Multimedia Journalist/Photographer

The Inertia

Just as the afternoon sun turned the beautiful Nicaraguan coast a glistening gold, I noticed a few young girls arriving to the beach, quickly running to the waves with their surfboards. One of them in particular stood out to me. She had a certain grit to her approach. Confident and controlled, she caught wave after wave. Who was this little girl? I was curious.

“Are you gonna go pro?” I asked the young girl. “I will try,” she responded, giggling modestly. I would later learn this blossoming young lady was Valentina Resano, daughter of big-wave surfer Manuel Resano.

Valentina lives in Popoyo, Nicaragua, where she surfs every day with her sisters and competes once a month. “I started to surf when I was really young, like one-year-old with my dad. He is strict, but a great teacher,” Valentina explained. “My sisters are doing pretty good in surfing. I have a seven-year-old sister Maxima, and a ten-year-old sister Candelaria. They usually don’t let me teach, they tell me to focus on myself. My sister Candelaria and I compete a lot. She has beat me a couple of times.”

In addition to her sisters, Valentina says that she looks up to professional surfer Carissa Moore. “She is the three-time world champion. She inspires me because she is strong and she reaches for her dreams.”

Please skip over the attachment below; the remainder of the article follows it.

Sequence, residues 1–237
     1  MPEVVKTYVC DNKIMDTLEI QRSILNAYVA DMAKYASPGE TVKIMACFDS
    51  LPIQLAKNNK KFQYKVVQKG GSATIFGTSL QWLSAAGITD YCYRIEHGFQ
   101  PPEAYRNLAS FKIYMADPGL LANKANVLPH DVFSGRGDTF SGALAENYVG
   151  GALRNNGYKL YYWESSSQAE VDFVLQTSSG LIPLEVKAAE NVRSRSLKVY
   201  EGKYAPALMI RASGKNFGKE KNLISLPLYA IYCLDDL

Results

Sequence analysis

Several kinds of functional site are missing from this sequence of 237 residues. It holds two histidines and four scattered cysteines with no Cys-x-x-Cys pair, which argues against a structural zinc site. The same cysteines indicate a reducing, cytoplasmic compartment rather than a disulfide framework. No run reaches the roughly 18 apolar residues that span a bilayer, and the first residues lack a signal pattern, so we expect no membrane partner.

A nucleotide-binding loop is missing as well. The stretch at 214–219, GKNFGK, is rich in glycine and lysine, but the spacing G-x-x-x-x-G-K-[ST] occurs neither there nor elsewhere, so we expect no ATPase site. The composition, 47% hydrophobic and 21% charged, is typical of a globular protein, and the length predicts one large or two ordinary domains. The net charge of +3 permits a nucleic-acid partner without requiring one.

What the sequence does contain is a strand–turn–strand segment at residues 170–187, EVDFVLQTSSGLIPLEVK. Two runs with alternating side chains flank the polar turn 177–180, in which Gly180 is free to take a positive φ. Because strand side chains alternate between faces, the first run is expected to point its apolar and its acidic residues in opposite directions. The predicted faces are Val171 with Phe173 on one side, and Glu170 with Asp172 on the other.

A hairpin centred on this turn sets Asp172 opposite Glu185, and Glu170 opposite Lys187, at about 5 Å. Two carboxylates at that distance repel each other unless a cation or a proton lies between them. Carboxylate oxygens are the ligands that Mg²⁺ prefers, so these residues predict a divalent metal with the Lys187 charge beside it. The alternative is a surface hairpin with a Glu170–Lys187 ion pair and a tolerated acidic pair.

Valentina also took some time to vent a few of her frustrations with being a young, female surfer in Nicaragua. First, she usually surfs with guys who live there or other that come in search of waves. Not many young girls or women are seen in the water. “The waves down here are great,” she said. “But there are a lot of people, and the ones who come aren’t usually respectful. They drop in on me and act as if I were stupid and can’t surf. Also, the bad thing about living here is that there are no girls my age who surf competitively, so it’s hard to get motivated. Still, my best result is under sixteen Central American champion.”

The truth is, Valentina can surf. In fact, she can surf better than most of those who take her for just a little girl with a surfboard. Still, through life’s obstacles, she always maintains a humble and cheerful spirit. “I want to be professional surfer on tour and hopefully be world champion,” she ended. “For other girls, I would like to say to always do your best and to not let anything take you away from your dream.”



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